So often it is the thought of a certain task that prevents one from getting to it, and the simple trick, oft forgotten, is to break it up into progressively smaller chunks until you get to the stage where you think that you can tackle them. Thus it has been with this vast, sprawling mess of sketches, around half an hour’s worth at the last count, that always in my head but only recently in public has gone under the title of Symphony or, perhaps more optimistically, Symphony No.1.
Yesterday, for the very first time, I changed the title of the saved file from Introduction to scherzo to Symphony No.1, a declaration of intent at the very least, and I have even added a subtitle, although that will remain private for now. Having broken the sketches down into four sections, the remains of what one might think of as the standard symphonic outline though, as Morecambe and Wise would have it, not necessarily in the right order, I have assigned myself a couple of weeks to each, a move in the right direction at least, even though I know that some areas of the piece will require substantially more work.
Thus, with some trepidation, I took my compositional tools in hand and went paring and pruning on the first section, around seven and a half minutes of music, and I know that I have said this before, but the atmosphere is dark. I had always intended this piece, long hanging there in my mind as some kind of project for the future, to have some kind of trajectory from darkness to light, but perhaps the events of this year have thrown more shadows over the music, changed certain decisions towards a more tenebral hue.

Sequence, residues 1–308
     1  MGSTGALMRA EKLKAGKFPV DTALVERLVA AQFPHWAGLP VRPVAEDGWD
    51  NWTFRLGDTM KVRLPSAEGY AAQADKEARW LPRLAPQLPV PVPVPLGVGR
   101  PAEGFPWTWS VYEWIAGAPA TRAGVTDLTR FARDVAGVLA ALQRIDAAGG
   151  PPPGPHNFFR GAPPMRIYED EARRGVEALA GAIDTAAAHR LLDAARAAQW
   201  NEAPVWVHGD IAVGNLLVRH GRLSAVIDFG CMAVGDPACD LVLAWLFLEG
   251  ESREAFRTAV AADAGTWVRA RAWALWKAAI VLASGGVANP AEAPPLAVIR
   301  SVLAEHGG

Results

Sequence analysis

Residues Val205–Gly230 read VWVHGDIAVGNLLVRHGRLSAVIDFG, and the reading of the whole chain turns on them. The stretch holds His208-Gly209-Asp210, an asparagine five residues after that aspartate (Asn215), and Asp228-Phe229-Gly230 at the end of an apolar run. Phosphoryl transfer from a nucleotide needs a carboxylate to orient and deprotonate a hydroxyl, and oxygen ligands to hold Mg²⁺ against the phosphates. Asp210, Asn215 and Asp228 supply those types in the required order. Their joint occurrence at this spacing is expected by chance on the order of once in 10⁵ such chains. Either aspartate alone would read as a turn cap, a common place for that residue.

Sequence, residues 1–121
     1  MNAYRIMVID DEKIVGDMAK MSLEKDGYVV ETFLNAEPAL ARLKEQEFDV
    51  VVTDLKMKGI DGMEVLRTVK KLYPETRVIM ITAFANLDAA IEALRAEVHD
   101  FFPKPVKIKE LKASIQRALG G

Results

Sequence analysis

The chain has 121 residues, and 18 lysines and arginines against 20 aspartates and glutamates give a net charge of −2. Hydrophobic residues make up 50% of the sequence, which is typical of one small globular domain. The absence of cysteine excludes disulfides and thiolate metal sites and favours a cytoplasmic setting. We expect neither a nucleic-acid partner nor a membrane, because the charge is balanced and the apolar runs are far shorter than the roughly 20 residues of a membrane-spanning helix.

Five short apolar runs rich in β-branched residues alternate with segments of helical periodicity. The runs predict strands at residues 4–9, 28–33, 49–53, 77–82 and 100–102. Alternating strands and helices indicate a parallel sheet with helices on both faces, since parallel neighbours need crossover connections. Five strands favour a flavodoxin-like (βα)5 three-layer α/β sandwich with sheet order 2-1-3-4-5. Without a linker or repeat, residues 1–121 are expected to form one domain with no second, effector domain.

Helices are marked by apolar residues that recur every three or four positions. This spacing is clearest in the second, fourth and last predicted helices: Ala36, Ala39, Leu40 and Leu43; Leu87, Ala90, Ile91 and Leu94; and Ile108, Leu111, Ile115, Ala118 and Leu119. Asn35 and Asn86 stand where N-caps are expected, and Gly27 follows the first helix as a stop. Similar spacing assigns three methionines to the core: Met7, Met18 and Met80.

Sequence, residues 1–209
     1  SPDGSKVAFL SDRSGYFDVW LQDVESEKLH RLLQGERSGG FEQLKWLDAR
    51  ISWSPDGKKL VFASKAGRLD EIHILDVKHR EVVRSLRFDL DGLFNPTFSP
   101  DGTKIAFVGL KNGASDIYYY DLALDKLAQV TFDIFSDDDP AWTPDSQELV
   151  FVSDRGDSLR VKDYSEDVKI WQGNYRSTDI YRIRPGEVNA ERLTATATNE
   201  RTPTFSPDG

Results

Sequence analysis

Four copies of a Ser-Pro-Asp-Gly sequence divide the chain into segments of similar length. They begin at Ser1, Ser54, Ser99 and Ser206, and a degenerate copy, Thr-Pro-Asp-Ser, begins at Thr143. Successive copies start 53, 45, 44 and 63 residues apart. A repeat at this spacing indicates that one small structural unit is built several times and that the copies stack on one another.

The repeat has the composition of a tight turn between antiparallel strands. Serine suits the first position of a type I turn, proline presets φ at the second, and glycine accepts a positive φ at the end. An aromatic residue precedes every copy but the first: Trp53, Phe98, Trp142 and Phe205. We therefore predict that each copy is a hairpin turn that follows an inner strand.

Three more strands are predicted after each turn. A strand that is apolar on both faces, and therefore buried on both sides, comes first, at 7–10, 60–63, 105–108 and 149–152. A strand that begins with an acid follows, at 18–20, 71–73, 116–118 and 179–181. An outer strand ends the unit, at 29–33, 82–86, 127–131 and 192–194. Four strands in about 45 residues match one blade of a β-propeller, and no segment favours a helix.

At the end of the stint – a little bit of dovetailing here, some strong ideas on orchestration there – I listened to that first span (I currently have an embargo on the rest until I get to it) and, although it only lives in piano score, I think that it works. It may not be great music quite yet – it may never end up being great music – but certain moments of it certainly feel strong, and I like that it has a real sense of threat and structural inevitability about it.
I know how the whole piece ends, of course, because that bit is already written, and the light does conquer the darkness in the final reckoning, though only after a struggle, but that journey is the impetus behind the work, that fight through oppression, doubt and anxiety to brightness, and not in a Shostakovich 5 “You must rejoice! You must rejoice!” kind of way, but born of its own material struggles. As for the subtitle, well, it could stay or I could do the Mahler thing and strip that scaffolding away once the work is done. It will depend on whether I want the piece to be approached as something abstract or as something programmatic, but my hope is that if I have done my job right then it will be both, but without necessarily saying so out loud. Exciting stuff.